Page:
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Breaking Borders

After years and years of problems in the Middle East, it took one photo of a young boy’s body washed up on shore to produce a sudden and quick response to refugees seeking asylum. Though this wasn’t the first time this occurred, the pairing of the photo and the desperation of refugees stuck in the middle of growing unrest sparked change. With conflicts at an all time high between Syria and Afghanistan, more and more people are fleeing the country in search of safety across borders.

Just this year, BBC stated that more than 2600 migrants have drowned in the Mediterranean trying to reach Greece or Italy. The need to get to safety is far higher than the will to stick it out in Syria for many migrants. Also this year 230,000 refugees have arrived in Greece and about 115,000 have arrived in Italy, with more coming to Spain. Now that Germany and Austria have opened their borders, this number will increase by thousands. The travel is perilous. Many refugees who are so desperate to live that they are leaving their home, instead face death due to boats capsizing in the sea or by suffocating in cars and trucks crossing borders.

Migrants pay thousands of dollars to get to this freedom and the travel is not easy. Small inflatable rafts, also known as dinghies, can be seen pushing off the coast of Turkey, often with far too many people inside. Though the lucky are often picked up by coastguard boats, most face the strength of the sea in a raft designed for tourism. When they reach the beaches of Greece where they often land, migrants can be seen falling to the earth, grateful to have made it after sitting extremely still for hours upon hours not to capsize the boat. The journey seldom ends there. Whether it is a train, bus or truck waiting for them, they overcrowd again to travel elsewhere, often to Austria, Germany or Italy, in hopes of a safer life. In these countries, migrants sleeping near train stations or nestling under trees with donated blankets are a normal sight.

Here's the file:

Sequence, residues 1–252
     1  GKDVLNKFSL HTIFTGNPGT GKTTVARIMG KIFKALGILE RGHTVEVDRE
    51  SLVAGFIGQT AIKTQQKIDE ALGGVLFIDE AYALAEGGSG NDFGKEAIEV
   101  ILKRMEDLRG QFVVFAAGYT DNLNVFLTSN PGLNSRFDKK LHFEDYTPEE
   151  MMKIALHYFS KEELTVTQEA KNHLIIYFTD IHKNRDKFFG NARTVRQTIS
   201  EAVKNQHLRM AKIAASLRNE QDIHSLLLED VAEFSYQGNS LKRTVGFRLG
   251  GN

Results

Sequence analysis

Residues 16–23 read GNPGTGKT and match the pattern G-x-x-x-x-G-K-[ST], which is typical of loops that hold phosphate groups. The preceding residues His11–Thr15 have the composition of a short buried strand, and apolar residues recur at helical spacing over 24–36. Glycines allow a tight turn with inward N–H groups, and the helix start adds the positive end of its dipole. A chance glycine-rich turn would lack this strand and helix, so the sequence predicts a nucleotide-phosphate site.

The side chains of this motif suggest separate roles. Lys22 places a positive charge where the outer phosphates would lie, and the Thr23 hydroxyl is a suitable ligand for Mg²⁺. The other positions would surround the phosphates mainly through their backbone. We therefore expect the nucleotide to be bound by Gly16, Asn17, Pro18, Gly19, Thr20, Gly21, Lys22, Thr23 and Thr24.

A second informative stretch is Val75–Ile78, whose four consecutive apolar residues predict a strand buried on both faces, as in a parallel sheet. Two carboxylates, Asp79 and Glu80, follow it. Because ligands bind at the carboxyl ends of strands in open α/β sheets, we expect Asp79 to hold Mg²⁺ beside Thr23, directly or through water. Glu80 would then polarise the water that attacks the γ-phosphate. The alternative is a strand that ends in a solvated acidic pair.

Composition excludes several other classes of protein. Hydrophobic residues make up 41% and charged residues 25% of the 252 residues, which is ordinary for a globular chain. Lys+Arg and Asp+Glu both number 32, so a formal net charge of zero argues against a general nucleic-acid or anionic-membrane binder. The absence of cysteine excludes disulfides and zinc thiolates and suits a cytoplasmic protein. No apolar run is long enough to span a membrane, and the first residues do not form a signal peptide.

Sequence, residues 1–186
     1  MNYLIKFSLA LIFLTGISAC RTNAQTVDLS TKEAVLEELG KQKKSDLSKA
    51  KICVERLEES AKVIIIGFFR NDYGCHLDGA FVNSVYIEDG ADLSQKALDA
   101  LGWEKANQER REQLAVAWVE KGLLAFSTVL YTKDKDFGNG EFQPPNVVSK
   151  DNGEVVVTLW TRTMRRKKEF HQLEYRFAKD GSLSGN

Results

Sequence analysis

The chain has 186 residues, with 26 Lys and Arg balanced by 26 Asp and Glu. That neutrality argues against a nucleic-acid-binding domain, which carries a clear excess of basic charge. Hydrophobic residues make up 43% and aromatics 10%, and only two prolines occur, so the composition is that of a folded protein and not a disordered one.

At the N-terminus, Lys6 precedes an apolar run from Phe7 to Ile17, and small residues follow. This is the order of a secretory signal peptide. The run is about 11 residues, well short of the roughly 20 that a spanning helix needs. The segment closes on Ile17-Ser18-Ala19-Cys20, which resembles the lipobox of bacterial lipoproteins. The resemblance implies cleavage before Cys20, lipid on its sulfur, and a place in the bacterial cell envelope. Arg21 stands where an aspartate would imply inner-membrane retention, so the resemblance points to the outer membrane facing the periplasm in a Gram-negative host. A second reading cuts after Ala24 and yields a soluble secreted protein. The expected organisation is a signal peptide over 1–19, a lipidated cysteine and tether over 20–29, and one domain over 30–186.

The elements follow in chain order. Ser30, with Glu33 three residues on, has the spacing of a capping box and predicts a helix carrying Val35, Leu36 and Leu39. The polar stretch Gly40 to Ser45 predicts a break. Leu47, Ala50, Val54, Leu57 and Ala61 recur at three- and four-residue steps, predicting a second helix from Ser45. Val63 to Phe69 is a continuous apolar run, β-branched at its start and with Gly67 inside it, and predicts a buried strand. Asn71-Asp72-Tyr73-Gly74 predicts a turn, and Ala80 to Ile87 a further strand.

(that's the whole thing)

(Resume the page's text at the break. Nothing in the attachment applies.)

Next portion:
The new refugee centers in Germany and Austria are quickly becoming filled with migrants. They wait for hours to be registered, seen by makeshift doctors and shown to temporary housing areas.  Though these EU countries are doing what they can, the struggle to accommodate everyone is very high. Germany, Italy and Austria are hoping that other EU countries will help them to handle the situation. The United States is one of the newest to step up to the plate.

Officials have stated that next year between 5000 and 8000 Syrian refugees will be welcomed into the United States. It was just released that in 2017 the US hopes to let in 100,000 refugees. As of June, the United States took in less than 1000 Syrians, but that isn’t to say the country isn’t playing its part in helping. 4 billion dollars has been donated to aid the Syrian refugees with relocation. Though the United States would like to work with Syria to make it a safe environment once again, it is a hope easier said than done.

Though resources in many European countries are being used rapidly in the aid of refugees, the countries are still doing all they can to help. The acceptance of hundreds of thousands of Syrians is a step towards providing them with a better life. By opening up their borders, they are saving people who are desperate for safety. It’s not going to be an easily resolved process, but the countries must start somewhere.

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